Economics of Terrorism (3) Terrorism throughout history; economic causes, costs, sources, and consequences.
ECON 409W Economics of Terrorism (3)
This microeconomics seminar examines the economics of terrorism. Beginning with a survey of terrorism through history and extending to terrorism in the 21st century, economic tools are deployed to better understand the causes and sources of terror.
Terrorism imposes substantial economic costs, but there are also significant costs with policies to combat terrorism. A society is better off if the threat of terrorism can be reduced, or even eliminated, just as it is better off if the threat of crime can be reduced or eliminated. There are some economic roots of terrorism, but these have more to do with the incentives and constraints that individuals and organizations face than with any specific set of easily quantifiable factors that push people toward involvement in terrorist organizations. This suggest that policy responses to terrorism need to multi-faceted and flexible. Security policies, for example, need to be more cost effective, in order for both to achieve results and to limit the negative consequences of devoting excessive resources to security purposes. Similarly, aid policies need to concentrate on achievable objectives, both to obtain positive results and to provide a more representative and optimistic outlook on the future. Policies need to be targeted at filling in the voids left by weak states and shifting incentive structures within societies away from the use of violence.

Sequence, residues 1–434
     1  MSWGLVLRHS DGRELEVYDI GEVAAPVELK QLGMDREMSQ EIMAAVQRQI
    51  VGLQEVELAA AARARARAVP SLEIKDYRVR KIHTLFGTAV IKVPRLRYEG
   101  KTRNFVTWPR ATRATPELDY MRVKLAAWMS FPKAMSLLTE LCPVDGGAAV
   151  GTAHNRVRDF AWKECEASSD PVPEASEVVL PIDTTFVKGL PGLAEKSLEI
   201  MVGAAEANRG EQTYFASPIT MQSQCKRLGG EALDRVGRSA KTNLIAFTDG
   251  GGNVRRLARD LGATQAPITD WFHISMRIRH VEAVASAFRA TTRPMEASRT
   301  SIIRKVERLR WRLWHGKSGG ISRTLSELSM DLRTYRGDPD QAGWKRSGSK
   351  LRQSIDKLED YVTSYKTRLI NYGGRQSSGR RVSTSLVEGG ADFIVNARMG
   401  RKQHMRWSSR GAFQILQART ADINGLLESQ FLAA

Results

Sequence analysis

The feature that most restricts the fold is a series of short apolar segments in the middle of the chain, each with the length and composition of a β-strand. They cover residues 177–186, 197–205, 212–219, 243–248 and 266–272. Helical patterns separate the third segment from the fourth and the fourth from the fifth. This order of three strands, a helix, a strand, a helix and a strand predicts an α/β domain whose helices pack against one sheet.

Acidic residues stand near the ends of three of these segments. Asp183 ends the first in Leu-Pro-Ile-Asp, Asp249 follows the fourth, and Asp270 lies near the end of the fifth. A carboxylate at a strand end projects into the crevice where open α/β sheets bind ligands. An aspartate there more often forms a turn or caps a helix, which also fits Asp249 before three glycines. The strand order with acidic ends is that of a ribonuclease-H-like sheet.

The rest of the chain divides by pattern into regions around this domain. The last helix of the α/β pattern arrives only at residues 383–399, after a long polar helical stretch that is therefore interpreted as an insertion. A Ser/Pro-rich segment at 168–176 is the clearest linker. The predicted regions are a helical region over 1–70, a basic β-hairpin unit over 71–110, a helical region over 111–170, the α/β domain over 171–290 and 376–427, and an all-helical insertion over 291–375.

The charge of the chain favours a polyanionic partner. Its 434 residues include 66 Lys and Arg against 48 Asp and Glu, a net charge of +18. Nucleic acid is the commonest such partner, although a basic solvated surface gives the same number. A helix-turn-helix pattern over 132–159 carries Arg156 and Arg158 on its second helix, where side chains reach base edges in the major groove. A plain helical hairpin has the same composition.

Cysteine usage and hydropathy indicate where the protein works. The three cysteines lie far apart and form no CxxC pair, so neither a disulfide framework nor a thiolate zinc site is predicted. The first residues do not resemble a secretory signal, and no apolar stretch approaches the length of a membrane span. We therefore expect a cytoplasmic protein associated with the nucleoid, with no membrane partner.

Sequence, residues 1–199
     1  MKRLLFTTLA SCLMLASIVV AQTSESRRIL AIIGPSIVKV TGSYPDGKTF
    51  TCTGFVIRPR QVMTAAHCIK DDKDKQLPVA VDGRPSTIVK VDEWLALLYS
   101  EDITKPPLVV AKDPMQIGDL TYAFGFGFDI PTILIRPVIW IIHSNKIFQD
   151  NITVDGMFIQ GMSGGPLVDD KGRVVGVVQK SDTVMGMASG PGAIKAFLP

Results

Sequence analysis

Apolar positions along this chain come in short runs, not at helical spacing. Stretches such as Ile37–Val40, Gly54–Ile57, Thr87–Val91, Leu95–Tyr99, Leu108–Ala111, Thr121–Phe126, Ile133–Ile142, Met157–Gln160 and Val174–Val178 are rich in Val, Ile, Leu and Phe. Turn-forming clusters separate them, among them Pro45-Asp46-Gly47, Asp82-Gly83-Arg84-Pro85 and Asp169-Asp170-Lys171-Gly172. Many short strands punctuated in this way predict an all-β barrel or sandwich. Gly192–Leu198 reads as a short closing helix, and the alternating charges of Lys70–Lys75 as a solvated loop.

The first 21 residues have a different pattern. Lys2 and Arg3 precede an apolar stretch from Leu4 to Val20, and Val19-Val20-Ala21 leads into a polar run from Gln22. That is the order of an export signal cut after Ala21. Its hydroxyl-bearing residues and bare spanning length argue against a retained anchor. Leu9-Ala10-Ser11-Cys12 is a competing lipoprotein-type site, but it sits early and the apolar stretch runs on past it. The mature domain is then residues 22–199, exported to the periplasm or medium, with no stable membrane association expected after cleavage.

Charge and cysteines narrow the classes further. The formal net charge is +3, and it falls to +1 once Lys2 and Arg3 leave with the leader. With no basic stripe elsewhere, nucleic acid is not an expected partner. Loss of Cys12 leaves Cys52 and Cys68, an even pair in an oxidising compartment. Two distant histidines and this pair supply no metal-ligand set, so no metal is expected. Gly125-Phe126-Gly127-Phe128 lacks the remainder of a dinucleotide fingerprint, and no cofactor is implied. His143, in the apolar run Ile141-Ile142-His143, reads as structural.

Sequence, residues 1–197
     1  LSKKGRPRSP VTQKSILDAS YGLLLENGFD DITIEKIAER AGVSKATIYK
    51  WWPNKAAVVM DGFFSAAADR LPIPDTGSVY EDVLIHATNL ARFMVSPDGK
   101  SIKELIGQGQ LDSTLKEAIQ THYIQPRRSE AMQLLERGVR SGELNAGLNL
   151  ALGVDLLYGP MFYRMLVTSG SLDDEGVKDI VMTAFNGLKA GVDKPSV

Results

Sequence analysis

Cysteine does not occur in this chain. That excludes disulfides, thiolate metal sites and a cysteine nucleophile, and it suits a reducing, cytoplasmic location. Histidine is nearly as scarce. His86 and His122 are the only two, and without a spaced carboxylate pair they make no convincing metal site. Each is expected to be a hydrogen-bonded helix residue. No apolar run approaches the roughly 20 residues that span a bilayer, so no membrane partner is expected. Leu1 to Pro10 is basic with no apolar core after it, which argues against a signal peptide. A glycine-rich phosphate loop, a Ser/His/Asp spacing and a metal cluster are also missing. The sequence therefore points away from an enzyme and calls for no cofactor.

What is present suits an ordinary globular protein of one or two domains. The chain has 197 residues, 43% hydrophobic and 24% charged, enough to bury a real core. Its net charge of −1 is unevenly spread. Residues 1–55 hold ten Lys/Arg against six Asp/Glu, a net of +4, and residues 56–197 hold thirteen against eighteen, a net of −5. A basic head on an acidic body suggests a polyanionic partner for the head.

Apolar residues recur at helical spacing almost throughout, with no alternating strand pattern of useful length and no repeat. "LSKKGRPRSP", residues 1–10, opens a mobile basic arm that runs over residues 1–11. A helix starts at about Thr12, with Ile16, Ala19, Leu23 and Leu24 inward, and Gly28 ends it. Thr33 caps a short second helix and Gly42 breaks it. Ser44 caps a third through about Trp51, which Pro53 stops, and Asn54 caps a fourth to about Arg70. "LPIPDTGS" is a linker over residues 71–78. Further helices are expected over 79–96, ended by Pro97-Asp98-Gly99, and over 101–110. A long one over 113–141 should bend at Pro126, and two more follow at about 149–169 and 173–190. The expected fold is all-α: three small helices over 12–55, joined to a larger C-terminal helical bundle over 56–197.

Note : Class size, frequency of offering, and evaluation methods will vary by location and instructor. For these details check the specific course syllabus.